The Postmodernist is a story co-art directed by Berlin-based creatives, Fanny Maillard, a stylist, and creative director and Nicolas Blanchadell, a photographer and film director. Carefully chosen fabrics build a rich visual experience reflecting on various cultures. The soft color of the background comes in contrast with warm deep shades of materials and crafted clothes. We are transferred through different times and eras from modern culture to archaic times the eye relishes observing.
The use of second-hand items is a statement on reducing the ecological footprint the fashion industry is a big part of. The editorial is also an attempt to find efficiency that is generated from enjoying the creative process and slowing down the highly paced surrounding environment tweaking it towards art for art’s sake.
'POSTMODERNISM IS NOT AN ATTEMPT TO AVOID MISTAKES, BUT AN ATTEMPT TO BUILD IN SUCH A WAY THAT THE VERY CONCEPT OF A MISTAKE HAS NO APPLICATION.' AFTER MODERNISM, ROGER SCRUTON.
Tell about the main points you wanted to tell in this story?
We all might have asked ourselves, 'Where am I coming from?'
Knowing our roots is a big step in self-understanding and growing up as a human being, but things get more ambiguous when people question other’s origins through their looks. Prejudice gets in the way, either from their origins, gender, or sexuality. As we’re now heading towards a society mixing more and more cultures, this is a fundamental question we’ll have to think of.
How is the work on set divided between you and Nicolas from the perspective of getting the right angles, poses, and mood?
We know each other and work together for a very long time now. We’re trying to build projects as a team from the very start and keep communicating as much as possible.
Even though we have our own skills in the more 'technical' aspects of our jobs, we’re always sharing opinions, ideas, and feedbacks and helping whenever we can. It always starts from an idea of one of us which is then shared so we can both appropriate it and make it grow together.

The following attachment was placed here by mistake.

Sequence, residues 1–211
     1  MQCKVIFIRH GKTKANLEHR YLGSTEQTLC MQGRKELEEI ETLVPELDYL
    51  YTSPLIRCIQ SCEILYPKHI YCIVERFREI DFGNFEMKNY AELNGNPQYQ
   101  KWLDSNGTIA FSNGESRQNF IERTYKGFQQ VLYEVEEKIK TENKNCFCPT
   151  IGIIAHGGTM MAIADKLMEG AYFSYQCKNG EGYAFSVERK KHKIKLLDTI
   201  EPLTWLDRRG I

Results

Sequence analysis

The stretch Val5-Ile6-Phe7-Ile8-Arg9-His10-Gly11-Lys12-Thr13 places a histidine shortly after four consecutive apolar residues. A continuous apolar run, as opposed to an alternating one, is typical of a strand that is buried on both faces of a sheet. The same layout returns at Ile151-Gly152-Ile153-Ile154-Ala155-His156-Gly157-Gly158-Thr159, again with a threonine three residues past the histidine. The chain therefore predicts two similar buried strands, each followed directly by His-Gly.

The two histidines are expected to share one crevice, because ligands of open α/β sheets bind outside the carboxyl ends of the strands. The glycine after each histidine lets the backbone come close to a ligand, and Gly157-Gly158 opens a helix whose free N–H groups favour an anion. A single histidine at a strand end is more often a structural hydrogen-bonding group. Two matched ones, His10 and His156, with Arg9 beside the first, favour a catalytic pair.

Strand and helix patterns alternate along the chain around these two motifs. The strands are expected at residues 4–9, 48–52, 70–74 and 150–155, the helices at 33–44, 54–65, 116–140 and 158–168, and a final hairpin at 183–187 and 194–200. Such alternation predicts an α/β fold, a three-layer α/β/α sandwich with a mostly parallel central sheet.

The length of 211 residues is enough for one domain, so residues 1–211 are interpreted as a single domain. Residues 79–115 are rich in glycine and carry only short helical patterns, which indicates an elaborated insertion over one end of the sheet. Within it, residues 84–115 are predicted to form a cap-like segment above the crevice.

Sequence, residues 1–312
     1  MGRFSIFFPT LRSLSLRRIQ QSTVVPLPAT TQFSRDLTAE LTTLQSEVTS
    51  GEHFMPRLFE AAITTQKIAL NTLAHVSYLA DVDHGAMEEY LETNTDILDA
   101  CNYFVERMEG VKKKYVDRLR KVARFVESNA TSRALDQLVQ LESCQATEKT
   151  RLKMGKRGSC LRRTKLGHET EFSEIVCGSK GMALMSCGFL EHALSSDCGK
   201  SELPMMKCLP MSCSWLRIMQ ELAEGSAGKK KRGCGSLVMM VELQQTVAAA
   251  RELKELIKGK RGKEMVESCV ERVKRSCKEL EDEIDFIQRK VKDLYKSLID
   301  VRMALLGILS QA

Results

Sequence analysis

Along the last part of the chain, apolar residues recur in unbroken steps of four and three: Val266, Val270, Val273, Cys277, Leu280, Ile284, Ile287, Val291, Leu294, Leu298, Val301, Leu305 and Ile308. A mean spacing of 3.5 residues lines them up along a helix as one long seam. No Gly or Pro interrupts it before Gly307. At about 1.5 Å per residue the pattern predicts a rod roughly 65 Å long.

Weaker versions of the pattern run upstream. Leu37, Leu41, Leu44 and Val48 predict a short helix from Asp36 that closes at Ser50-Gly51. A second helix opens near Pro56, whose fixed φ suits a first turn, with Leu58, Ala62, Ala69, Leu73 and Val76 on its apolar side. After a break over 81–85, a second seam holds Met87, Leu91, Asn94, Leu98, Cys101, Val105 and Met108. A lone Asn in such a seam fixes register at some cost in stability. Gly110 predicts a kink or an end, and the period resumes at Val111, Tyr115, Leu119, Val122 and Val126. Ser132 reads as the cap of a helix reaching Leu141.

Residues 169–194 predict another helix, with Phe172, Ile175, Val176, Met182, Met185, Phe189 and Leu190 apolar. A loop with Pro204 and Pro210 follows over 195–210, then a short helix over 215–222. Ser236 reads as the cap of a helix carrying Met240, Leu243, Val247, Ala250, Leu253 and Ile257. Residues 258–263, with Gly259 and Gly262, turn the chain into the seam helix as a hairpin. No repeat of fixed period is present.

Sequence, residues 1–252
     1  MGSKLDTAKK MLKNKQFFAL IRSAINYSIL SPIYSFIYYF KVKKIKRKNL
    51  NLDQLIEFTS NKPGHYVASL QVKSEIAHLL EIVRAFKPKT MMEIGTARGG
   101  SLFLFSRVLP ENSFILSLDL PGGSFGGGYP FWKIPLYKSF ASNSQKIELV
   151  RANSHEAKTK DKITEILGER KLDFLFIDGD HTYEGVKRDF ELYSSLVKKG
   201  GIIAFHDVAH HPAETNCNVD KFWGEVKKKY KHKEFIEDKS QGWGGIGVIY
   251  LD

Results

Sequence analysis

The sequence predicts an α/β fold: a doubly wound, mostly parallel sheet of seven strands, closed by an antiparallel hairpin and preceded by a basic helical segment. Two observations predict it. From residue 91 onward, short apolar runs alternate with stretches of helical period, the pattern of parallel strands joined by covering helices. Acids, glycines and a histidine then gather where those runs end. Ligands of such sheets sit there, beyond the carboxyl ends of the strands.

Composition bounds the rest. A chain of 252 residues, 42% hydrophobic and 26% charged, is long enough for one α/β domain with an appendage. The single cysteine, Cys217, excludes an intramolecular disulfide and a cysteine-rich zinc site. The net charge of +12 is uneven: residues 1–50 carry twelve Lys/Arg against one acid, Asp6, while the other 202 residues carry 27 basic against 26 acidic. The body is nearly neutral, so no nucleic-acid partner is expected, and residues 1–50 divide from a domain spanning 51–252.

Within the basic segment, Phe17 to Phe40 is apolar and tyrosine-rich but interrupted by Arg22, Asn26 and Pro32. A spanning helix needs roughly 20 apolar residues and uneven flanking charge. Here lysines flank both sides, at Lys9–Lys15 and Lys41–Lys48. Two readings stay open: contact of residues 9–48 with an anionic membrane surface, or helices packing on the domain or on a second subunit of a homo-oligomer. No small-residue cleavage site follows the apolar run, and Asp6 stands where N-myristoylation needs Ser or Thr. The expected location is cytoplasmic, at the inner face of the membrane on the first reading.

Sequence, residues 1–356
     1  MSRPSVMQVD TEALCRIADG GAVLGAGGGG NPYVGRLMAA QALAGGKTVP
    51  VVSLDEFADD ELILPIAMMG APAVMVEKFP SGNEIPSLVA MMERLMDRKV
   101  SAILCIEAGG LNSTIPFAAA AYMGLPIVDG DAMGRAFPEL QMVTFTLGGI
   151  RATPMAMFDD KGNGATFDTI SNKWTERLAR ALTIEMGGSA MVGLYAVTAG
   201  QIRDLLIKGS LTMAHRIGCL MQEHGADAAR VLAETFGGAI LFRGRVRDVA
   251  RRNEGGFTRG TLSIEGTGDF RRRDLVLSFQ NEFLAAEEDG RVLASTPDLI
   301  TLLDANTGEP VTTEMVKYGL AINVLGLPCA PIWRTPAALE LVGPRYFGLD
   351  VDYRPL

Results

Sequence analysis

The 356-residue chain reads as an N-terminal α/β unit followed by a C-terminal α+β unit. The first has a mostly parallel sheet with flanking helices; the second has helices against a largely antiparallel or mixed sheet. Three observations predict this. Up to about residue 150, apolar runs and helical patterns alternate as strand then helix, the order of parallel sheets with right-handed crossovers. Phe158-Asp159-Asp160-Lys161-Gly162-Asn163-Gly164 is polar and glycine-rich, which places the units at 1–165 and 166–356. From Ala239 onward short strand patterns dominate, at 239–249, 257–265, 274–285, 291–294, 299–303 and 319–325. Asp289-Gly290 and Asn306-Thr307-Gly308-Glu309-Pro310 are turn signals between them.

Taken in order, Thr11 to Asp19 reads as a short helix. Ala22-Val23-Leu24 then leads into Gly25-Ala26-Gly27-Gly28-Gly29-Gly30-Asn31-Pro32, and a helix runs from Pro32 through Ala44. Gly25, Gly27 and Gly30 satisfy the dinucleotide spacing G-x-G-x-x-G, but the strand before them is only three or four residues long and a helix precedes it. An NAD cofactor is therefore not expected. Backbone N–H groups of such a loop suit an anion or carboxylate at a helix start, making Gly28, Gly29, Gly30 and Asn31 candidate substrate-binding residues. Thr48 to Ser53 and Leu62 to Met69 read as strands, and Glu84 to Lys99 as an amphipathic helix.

"WE’RE BOTH HEADING TO A MORE 'HUMAN' PHOTOGRAPHY WHEN USING ITEMS THAT ARE NOT PERFECT AND THAT ALREADY HAVE A STORY IS REALLY IMPORTANT".
Tell about styling and the mixture of genres you chose for this shoot the combination of the classic strong Adidas sportswear and silk-like pillows and blankets of the Moroccan nature.
This shooting was all about mixing. It is really important for us to use second-hand clothes and everyday-life objects as much as possible. Because of the ecological impact of course, but also because we’re both heading to a more 'human' photography when using items that are not perfect and that already have a story is really important.
We also believe that it helps people to connect more easily with our pictures. The idea was to pick all kind of items and to create looks that might remind different countries and periods of time. Mixing second-hand with classic and modern or pieces from local designers was helping to create a contrast and send the right message.
What was the main challenge you had to solve on set?
We’re trying to work in a different state of mind for a few months. We had the feeling that our jobs were getting more and more into a fast-food type of work: always have to shoot more looks per day, people often come on set without having any idea of the moods or what the project is about, they leave as soon as it’s done…
That is something we felt bad about because we were losing some human connection in the process. What we’re trying to do in our own projects now is to slow down a bit, take our time, have longer breaks... Everyone is more efficient and happy in the end, and it gives some 'soul' to the shots. We’ll all have nice memories popping up while watching the pictures, and that’s what really matters to us.